Managing Corporate Taxation in Latin American Countries - Bolivia

  1. Income Tax

    1.1. General Aspects

    1.1.1. Income Tax Rate

    The general statutory corporate income tax rate for Bolivian entities including Bolivian branches of foreign companies is 25%.

    1.1.2. Taxable Base

    All revenues are subject to income tax unless otherwise excluded by law from the taxable base. Excluded Items of Income are subtracted from Gross Income, i.e., the sum of All Items of Income realized by the taxpayer. The result is the Gross Taxable Income from which Costs and Expenses are deducted. The after- deductions result is the Net Taxable Income to which a 25% tax rate is the Resulting Income Tax from which applicable Tax Credits are subtracted to find the Income Tax Liability.

    1.1.3. Minimum Taxable Income

    There is no minimum Net Taxable Income.

    1.1.4. Deductions

    As a general rule all costs and expenses are deductible provided that they are related to the income producing activity. Any costs or expenses related to Excluded and/or Exempted Items of Income are not deductible. Some costs and expenses are limited or forbidden, depending on the facts and circumstances of each case, e.g., related party charges (interests), commissions, among others.

    1.1.5. Depreciation

    Tangible fixed assets' depreciation is deductible. Depreciation term varies depending on the nature of the asset; 20 years for real estate, 10 years for all other tangible fixed assets, except for motor vehicles and computers for which regulations establish a 5-year term. Intangibles with a fixed cost may also be depreciated in five years. Globally used methods are generally accepted in Bolivia for tax purposes, e.g., straight-line method, declining balance method, etc.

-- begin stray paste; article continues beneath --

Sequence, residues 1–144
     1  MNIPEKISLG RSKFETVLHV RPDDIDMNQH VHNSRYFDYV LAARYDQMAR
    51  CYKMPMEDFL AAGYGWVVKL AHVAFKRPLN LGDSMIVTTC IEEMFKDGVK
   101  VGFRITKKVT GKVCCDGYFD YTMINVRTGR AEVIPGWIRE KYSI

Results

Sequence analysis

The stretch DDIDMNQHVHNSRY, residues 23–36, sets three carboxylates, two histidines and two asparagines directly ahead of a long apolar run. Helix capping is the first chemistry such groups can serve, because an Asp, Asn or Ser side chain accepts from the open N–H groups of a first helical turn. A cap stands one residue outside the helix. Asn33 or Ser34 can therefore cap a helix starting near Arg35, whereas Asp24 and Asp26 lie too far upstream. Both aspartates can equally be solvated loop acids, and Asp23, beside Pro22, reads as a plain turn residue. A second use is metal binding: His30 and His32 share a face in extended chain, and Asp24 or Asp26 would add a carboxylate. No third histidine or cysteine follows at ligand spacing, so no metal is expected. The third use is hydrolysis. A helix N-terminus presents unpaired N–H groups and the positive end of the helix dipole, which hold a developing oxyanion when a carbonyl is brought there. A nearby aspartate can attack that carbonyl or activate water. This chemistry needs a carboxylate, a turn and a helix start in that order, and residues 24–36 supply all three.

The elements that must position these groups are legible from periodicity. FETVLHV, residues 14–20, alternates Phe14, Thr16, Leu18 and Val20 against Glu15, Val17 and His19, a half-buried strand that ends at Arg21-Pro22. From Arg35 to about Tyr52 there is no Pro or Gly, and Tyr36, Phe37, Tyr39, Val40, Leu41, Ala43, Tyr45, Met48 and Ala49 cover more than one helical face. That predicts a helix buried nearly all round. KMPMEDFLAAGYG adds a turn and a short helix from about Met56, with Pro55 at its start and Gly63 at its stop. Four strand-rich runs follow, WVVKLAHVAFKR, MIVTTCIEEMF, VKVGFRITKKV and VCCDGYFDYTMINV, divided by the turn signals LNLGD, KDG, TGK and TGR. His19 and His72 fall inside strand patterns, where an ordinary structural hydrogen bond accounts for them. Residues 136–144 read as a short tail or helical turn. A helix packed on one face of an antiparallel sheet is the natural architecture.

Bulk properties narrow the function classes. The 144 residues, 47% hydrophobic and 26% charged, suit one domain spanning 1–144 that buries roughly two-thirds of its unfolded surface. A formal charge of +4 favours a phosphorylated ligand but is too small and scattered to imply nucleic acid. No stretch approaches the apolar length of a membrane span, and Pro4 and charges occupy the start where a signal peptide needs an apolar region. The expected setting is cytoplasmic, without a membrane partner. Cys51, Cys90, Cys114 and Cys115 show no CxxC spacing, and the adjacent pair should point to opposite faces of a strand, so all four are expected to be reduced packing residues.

1.1.6. Transfer Pricing

    Bolivia has not developed any transfer pricing rules. As a basic premise, all transactions carried out through by related parties should be carried out as if they were deemed to be independent parties.

    1.1.7. Tax Losses Carry-forward / Carry-back

    A Bolivian taxpayer can carry-forward tax losses for an unlimited period of time.

    There is no carry-back possibility.

    Tax losses can be credited towards (and are capped by) the taxpayer's net income for the deduction's taxable year. Therefore, a tax loss deduction cannot generate further tax losses.

    Tax losses cannot be transferred to other taxpayers (not even to the shareholders), except as provided in the cases of reorganizations. There are three types of tax-free 36 – an overview of main corporate taxes in selected jurisdictions 2010 reorganizations authorized by Bolivian law (statutory tax-free mergers, statutory taxfree spin offs and statutory tax-free transformations). In all cases, the tax attributes of the target company are transferable to the surviving or resulting corporation. In the case of tax-free mergers the above-mentioned general limitations still apply.

    Nonetheless, in this case tax losses are transferable to the new or surviving entity. For tax-free spin-offs part of the tax losses of the target entity are transferred to the resulting entities. A limitation was set forth by a decree supreme limiting the carry forward of losses resulting from any of the previous reorganizations in a period of four years. In light of the previous limitation, and taking into account...

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